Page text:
• The present invention may also be used as a staging tool, to determine a stage of development of disease (e.g. early stage, mid stage or advanced). In this regard, one may screen for progressively larger changes in signal velocity, velocity dispersion, attenuation, attenuation dispersion, and/or power density for a single frequency or a range of frequencies.
  • In one embodiment, the present invention exploits the effect that fenestrae (perforations) in the alveoli of a lung have on the acoustic transmission characteristics of the signal to indicate the onset of emphysema and the progression of the disease. It recognizes that changes in the microstructure or alveolar structure of the lung caused by an increase in the number of fenestrae or pores connecting neighboring alveoli, and which may be seen as a movement from a closed-cell type arrangement to an open-cell type arrangement, will cause a measurable and identifiable change in the acoustic transmission properties of the lung.
  • This change in the “cellular structure” of the lung (i.e. open vs. closed) has the effect of changing the acoustic permeability of the lung tissue, which can be detected by monitoring the acoustic transmission characteristics of the lung. At least in the emphysematous lung, the changes in cell-type occur in very early stages when the patient may still be asymptomatic and before there is any noticeable change in the lung density. Accordingly, the present invention has the capability to detect early stages of COPD and particularly emphysema which cannot be detected using the existing lung analysis methods.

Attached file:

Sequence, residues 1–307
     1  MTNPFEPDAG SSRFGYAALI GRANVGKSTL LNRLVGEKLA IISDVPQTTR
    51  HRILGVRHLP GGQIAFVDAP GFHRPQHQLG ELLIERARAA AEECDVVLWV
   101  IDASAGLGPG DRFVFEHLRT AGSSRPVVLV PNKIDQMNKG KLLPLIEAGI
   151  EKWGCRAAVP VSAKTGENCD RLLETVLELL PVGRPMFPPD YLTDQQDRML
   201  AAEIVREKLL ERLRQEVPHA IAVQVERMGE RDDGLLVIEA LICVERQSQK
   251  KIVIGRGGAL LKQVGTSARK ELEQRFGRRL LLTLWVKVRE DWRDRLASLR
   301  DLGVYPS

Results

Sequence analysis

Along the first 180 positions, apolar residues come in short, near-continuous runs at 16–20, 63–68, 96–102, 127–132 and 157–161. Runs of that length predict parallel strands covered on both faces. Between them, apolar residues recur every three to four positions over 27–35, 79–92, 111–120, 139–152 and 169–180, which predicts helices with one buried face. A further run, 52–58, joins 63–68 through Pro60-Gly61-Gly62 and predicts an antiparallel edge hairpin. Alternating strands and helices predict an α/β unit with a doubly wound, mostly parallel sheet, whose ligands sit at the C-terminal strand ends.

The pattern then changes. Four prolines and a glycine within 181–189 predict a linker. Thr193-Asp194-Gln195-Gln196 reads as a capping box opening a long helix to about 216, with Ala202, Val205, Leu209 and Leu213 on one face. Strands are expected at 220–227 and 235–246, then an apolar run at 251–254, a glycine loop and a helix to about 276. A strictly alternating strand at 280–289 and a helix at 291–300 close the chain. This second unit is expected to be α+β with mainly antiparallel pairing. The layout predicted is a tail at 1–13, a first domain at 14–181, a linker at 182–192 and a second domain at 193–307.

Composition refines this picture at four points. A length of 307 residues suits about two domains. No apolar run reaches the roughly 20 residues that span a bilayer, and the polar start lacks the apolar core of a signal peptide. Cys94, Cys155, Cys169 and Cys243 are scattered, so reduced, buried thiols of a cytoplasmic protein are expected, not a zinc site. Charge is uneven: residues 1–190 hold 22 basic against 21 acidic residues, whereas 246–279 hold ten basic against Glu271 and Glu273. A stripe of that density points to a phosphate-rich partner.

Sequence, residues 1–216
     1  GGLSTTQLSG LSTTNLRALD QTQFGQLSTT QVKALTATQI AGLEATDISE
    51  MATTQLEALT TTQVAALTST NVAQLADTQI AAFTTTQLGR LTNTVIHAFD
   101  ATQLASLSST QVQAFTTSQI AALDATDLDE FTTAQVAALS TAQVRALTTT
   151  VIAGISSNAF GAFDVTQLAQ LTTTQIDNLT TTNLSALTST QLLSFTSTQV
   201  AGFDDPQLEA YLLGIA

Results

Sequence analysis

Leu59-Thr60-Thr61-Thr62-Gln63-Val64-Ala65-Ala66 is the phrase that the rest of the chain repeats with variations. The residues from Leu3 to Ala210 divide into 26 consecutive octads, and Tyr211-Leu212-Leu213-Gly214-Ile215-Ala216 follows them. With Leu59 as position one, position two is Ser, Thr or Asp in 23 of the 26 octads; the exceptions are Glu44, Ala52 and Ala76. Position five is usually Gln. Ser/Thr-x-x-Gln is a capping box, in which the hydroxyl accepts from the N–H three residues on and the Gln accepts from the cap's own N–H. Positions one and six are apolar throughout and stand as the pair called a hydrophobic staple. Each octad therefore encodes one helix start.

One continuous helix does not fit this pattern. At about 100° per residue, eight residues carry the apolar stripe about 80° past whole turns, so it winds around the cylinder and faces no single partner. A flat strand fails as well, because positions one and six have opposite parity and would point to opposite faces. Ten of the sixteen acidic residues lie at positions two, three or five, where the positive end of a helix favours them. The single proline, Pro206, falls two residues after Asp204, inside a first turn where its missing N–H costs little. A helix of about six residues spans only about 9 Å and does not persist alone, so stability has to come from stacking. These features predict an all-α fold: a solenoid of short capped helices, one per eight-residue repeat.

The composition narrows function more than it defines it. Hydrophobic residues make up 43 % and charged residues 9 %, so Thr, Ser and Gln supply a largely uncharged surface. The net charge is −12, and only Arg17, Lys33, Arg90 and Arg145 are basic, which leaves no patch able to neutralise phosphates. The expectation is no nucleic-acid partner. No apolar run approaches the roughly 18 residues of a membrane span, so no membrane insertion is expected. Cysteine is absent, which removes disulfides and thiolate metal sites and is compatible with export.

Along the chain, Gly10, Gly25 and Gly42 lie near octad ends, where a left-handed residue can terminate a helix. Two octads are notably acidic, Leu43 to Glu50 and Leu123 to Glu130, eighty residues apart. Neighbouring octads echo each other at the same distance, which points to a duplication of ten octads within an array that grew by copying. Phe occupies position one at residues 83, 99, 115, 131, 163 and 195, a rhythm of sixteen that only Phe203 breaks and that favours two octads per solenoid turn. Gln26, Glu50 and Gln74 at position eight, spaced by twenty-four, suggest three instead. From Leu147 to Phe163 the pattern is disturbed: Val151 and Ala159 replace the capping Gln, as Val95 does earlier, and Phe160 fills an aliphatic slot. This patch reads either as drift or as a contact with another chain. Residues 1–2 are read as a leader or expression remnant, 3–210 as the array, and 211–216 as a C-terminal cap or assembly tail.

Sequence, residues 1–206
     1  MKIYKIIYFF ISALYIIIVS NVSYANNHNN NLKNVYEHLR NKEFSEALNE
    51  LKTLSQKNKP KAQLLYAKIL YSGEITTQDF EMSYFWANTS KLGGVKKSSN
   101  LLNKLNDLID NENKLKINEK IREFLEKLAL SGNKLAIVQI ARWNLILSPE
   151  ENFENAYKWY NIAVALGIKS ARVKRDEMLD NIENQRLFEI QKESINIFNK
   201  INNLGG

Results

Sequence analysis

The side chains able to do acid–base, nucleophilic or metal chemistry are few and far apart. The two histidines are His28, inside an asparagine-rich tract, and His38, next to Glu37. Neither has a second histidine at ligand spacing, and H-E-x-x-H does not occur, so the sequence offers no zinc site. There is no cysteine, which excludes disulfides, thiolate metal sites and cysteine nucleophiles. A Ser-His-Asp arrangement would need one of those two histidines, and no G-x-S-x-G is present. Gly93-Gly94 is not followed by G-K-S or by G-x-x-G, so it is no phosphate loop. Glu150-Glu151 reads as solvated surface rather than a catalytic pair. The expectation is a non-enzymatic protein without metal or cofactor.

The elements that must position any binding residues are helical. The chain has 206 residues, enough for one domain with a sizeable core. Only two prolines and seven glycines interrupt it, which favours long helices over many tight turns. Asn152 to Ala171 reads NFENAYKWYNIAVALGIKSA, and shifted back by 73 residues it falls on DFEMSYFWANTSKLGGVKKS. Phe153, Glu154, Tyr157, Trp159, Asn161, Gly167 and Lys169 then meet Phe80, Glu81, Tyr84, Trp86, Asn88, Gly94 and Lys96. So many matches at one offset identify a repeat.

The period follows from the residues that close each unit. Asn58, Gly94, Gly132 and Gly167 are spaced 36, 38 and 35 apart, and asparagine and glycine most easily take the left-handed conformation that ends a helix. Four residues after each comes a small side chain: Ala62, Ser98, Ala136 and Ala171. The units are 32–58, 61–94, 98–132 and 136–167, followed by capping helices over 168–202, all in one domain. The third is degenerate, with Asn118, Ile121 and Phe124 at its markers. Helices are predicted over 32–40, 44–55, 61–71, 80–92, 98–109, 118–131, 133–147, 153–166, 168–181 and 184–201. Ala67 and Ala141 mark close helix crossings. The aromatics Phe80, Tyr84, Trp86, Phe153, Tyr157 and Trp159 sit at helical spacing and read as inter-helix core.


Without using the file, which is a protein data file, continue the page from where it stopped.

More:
• Accordingly, embodiments of the present invention may be especially useful in diagnosing emphysema in its early stages, e.g. the existence of microscopic emphysema. From another aspect, the present invention may be seen as a recognition that measurable acoustic transmission property changes may be associated with such microscopic fenestrae. These fenestrae may for example be of the order of 10 or 20 microns or more in diameter. Early stage diagnosis of emphysema is especially useful because emphysema damage is irreversible, and so the earlier it is diagnosed the earlier a treatment regime, including cessation of smoking and rehabilitation may be commenced to minimize further progression and effects of the disease.
  • In one embodiment of the present invention, signal velocity through the lung is detected, and a determination is made as to whether one or more of the detected velocity characteristics are indicative of perforated/fenestrated alveoli. Thus, a determination may be made as to whether the velocity of an acoustic signal through a lung is greater than a signal velocity associated with a normal lung. The magnitude of the signal velocity may be used to indicate the stage of emphysema, as may changes in velocity which are detected as the signal propagates through the lung.